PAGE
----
My excuse for not letting myself deal with the pain after I became a Christian was that I was a new creation in Christ, and the old stuff had supposedly passed away (2 Corinthians 5:17). I used that verse to convince myself that I didn’t have to deal with the issues of the past anymore. The problem is that I was taking that Scripture totally out of context. It wasn’t addressing emotional brokenness. It was addressing the beautiful gift of justification that we are given when we accept Jesus as our Savior. Instantly, we are declared to have His righteousness. That part is a done deal through divine decree. Another one of my “favorite” Scriptures to throw back at the Lord when He was convicting me to deal with my emotional pain was Philippians 3:13. Paul wrote about “forgetting” what was in the past, and “straining” (NIV) toward what is ahead. Never mind that Paul was actually explaining that he didn’t base his personal value on his past accomplishments, I used that verse to give myself a “Scriptural” basis to keep trying to shut off my emotions. God wasn’t buying it. It wasn’t working. I kept trying. Strangely, we who live on a mat like the guy at the pool of Bethesda are good at “straining”.

Anyone who has ever tried stuffing their emotions and then been forced to take an honest look at their own heart, can guess how this went. Stuffing our emotions seems to work for a little while. Maybe even a long while. But then the emotional carnage catches up to us. Not just us, but those around us. Our brokenness seems to spread to those we care about the most. After a few years… a few decades… of stuffing our emotions, we lose the strength to suppress them any longer and we unravel. That’s what happened to me in my late thirties. I unraveled.

I was a lot like the guy at the pool of Bethesda in John, Chapter Five. “5 One of the men lying there had been sick for thirty-eight years. 6 When Jesus saw him and knew he had been ill for a long time, he asked him, ‘Would you like to get well?’” My first response to that question is, “Really?!! The poor guy has been lying there handicapped for 38 years and You have the audacity to ask him if he wants to be made well?” Now that I’ve walked this healing journey for many years, I have a better understanding of that question. Jesus was really asking him, “Are you willing to let Me work in your heart however I want to work in your heart to heal your brokenness?” There’s a big difference in those questions. Answering the second question affirmatively also means surrendering one powerful thing – control. Abuse survivors are not particularly good at surrendering control. We didn’t have any for so many years. In our hearts we seem to be thinking, “Now… Jesus… You’re asking me to give up the tiny amount of control that I’ve managed to grab on to?”  Jesus’ response might as well be the words of a popular daytime TV show host, “How’s that working for you?” Sooner, rather than later, I hope all of us take the risk to answer the, “How’s that working for you?” question truthfully. The answer is, “Not very well.”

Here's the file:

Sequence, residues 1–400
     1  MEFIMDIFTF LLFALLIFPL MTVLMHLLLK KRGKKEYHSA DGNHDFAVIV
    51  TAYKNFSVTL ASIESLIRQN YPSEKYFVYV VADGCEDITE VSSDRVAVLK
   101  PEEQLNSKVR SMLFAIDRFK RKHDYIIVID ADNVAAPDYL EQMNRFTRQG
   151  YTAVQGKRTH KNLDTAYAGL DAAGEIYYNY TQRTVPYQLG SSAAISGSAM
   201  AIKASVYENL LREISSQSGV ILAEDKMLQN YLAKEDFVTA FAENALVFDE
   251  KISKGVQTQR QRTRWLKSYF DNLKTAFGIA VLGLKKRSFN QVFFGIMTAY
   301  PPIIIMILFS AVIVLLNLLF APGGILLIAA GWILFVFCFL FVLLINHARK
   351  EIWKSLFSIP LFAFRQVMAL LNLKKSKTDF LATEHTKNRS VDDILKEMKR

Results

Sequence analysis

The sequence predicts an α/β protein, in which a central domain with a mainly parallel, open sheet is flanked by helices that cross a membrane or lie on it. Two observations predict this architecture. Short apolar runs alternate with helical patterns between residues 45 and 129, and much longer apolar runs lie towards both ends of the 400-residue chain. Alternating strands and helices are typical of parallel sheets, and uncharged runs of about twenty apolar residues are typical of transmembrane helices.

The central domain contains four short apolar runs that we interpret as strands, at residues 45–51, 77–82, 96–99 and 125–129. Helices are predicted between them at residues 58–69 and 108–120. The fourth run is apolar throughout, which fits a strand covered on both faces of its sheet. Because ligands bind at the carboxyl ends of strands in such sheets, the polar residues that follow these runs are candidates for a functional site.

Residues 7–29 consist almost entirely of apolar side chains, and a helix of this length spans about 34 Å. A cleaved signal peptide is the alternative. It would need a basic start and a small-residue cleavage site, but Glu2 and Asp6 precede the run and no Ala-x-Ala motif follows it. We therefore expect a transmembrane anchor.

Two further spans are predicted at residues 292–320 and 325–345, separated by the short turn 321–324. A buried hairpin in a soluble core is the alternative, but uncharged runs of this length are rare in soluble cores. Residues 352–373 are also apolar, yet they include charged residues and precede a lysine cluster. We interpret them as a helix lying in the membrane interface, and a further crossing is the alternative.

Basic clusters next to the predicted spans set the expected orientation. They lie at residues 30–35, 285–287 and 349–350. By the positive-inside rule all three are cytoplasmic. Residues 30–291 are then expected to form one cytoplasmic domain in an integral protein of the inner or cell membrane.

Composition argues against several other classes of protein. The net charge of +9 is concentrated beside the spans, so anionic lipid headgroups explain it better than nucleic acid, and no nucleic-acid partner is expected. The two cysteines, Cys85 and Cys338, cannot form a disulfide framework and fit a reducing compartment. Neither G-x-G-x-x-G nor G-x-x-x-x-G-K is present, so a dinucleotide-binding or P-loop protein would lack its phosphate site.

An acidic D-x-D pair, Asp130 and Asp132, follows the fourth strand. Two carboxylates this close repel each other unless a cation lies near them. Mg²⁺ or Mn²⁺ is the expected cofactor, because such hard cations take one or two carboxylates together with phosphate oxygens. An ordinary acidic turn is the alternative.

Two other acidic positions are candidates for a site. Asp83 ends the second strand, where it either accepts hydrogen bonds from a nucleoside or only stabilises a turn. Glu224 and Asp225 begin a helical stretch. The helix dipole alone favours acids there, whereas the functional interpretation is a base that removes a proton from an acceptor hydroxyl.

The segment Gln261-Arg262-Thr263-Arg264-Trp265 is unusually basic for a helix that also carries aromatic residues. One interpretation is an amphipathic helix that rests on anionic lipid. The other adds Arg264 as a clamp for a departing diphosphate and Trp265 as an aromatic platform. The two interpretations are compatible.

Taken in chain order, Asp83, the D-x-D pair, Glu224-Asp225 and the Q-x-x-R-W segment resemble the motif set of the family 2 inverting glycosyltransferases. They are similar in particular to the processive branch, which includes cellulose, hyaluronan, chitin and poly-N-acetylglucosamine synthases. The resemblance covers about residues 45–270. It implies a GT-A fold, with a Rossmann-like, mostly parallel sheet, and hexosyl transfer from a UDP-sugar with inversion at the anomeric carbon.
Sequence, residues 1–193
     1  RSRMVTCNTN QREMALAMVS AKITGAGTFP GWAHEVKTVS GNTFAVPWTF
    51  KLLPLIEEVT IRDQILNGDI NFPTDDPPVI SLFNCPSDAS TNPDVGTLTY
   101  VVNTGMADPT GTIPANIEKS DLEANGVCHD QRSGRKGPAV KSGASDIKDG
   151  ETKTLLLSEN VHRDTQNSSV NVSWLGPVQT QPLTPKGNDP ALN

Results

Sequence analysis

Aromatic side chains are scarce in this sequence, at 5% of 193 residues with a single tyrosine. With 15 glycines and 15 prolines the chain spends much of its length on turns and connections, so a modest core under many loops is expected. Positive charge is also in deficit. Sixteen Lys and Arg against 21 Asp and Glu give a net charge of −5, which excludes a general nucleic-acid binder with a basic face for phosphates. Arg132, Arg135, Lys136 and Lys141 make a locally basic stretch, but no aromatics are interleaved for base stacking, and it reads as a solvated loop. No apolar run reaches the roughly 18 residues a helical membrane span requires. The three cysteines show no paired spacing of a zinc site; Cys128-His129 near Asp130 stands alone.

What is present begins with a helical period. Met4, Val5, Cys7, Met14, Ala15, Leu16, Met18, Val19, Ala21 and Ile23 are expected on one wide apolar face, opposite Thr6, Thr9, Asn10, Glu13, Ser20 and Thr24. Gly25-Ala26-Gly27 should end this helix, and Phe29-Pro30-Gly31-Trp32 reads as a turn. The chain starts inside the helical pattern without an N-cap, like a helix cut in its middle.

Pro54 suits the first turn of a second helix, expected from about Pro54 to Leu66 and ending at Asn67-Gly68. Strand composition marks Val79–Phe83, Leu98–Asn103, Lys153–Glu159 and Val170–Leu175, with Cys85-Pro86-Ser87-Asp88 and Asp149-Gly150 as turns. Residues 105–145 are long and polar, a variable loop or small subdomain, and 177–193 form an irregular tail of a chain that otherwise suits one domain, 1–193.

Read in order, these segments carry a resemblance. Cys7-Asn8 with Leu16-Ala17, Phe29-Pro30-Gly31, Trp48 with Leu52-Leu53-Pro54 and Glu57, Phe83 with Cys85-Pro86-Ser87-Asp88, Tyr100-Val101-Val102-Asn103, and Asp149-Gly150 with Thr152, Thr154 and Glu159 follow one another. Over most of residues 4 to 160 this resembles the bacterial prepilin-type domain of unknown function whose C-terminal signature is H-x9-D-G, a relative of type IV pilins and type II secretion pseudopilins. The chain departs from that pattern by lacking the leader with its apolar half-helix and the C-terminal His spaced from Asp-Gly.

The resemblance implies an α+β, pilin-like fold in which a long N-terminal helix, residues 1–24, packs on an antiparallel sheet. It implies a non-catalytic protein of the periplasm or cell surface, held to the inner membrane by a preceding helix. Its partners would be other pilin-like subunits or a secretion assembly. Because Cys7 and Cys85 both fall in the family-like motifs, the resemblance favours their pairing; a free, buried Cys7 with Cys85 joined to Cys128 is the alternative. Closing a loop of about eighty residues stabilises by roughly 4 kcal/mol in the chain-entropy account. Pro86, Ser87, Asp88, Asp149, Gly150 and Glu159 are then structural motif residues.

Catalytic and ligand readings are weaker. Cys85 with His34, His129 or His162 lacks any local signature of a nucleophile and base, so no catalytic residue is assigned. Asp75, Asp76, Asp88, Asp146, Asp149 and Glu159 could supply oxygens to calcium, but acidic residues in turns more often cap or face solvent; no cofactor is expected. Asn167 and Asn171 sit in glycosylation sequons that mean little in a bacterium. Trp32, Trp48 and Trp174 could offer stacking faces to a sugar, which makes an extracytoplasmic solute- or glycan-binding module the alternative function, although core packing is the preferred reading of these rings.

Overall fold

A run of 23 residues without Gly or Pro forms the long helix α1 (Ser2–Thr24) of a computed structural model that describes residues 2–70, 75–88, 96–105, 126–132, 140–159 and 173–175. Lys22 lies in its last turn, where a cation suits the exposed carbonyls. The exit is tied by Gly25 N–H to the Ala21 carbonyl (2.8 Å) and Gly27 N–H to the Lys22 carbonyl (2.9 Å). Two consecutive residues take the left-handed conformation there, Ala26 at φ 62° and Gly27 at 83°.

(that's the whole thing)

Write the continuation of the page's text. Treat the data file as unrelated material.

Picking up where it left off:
It would be similar to having a long-term physical disability in the US, and Jesus asking us if we want to be made well. Our minds might start to process the cost. Sure things are tough here on this mat, but I do get a monthly disability check and a Bridge card. My housing is paid for and I do have people taking care of me. If I get better, I’ll lose my public assistance and I’ll have to take care of myself. I’ll have to get a job. I’ll have to start paying my own bills, and cooking my own food. I’m not really sure I can take care of myself. (I want to be sensitive and acknowledge that there are many people who are on public assistance with legitimate needs. I’m not disparaging them in any way. I’m just trying to highlight the vulnerability and risk that Jesus was asking the man to exercise. If you or someone you care about is on public assistance, please be at peace.)